Dear OncoLink "Ask The Experts,"
Would you advise or think it necessary for any treatment following a colorectal resection for the following: adenocarcinoma, arising within a tubulovillous adenoma with high grade dysplasia, proximal and distal margins free of tumor, radial margin free of tumor, and 0 (zero) number of lymph nodes with metastatic carcinoma.
James M. Metz, MD, Editor-in-Chief of OncoLink and Assistant Professor of Radiation Oncology at the Hospital of the University of Pennsylvania, responds:
There are a number of factors that are considered when deciding if postoperative therapy is needed with either chemotherapy or radiation therapy. This includes the location of the tumor within the rectum or colon, the type of surgery performed, and the total number of lymph nodes removed, even if they are all negative. Typically tumors that are found incidentally in a tubulovillous adenoma are of an early stage, but each of the factors listed above still has a bearing on whether postoperative treatment is recommended. You should have this discussion with your physicians to weigh the pros and cons of postoperative treatment.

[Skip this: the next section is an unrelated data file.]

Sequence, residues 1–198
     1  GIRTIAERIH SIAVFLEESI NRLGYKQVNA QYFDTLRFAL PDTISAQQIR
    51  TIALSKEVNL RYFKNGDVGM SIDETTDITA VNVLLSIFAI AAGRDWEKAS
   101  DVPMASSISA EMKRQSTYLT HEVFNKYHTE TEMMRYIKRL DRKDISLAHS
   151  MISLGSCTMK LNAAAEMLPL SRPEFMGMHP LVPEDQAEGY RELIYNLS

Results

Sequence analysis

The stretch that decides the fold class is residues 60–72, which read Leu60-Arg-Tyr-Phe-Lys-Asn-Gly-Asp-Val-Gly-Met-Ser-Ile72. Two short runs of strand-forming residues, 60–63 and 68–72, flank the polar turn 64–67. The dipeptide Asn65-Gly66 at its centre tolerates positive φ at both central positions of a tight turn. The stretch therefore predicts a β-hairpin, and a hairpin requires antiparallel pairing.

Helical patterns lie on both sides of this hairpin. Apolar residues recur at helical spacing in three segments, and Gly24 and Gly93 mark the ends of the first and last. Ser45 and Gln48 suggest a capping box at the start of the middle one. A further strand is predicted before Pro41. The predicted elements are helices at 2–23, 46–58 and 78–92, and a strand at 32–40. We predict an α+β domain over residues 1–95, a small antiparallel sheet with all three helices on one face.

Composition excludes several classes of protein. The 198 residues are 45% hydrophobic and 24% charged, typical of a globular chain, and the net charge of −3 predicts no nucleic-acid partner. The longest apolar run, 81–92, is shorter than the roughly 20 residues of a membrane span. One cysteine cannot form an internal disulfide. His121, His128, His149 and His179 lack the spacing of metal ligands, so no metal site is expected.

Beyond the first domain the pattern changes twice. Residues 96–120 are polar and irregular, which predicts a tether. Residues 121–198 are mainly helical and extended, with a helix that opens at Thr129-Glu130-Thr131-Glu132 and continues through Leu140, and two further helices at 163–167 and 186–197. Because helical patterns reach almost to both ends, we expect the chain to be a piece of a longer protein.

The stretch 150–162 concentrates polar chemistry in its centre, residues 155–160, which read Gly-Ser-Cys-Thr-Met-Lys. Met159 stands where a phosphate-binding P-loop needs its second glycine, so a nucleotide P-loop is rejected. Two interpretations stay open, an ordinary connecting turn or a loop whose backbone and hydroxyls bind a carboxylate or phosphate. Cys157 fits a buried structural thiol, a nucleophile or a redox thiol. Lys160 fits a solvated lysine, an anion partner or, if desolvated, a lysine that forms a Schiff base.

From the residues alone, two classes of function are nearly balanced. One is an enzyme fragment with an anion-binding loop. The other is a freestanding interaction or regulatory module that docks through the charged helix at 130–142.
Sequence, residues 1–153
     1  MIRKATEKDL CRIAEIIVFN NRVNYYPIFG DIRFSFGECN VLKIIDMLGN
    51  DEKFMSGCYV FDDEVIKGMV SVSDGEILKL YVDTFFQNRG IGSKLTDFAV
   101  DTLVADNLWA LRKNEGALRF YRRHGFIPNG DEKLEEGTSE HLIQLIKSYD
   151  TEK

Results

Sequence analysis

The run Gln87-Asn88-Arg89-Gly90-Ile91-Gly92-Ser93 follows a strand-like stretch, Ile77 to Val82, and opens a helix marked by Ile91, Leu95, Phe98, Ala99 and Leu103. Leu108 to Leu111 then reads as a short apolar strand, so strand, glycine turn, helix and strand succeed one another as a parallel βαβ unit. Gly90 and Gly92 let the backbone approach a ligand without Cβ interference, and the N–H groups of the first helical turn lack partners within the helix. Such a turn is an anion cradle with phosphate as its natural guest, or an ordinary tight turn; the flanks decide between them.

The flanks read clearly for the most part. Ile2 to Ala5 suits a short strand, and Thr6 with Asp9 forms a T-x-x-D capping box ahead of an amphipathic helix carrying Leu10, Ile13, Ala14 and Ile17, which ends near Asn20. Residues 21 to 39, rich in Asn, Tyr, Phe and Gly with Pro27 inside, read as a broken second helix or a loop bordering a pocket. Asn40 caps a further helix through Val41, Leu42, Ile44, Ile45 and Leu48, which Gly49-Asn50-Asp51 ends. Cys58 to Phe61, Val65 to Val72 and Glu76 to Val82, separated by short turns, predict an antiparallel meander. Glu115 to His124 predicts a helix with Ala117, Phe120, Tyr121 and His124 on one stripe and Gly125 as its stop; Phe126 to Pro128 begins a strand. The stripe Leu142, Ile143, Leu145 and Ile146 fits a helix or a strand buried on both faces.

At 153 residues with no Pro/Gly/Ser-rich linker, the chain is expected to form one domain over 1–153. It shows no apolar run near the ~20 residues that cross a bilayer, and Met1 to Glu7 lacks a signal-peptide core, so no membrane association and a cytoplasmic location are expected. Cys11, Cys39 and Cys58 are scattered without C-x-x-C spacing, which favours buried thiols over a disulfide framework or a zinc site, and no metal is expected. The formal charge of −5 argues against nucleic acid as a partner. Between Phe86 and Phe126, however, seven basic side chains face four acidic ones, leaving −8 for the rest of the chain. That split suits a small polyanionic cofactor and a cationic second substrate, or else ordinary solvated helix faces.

Mar 1, 2010 - Men with prostate cancer have similar postoperative complications and need for additional treatment regardless of whether they undergo radical prostatectomy by an open or laparoscopic procedure, according to a study published online Feb. 25 in The Journal of Urology.
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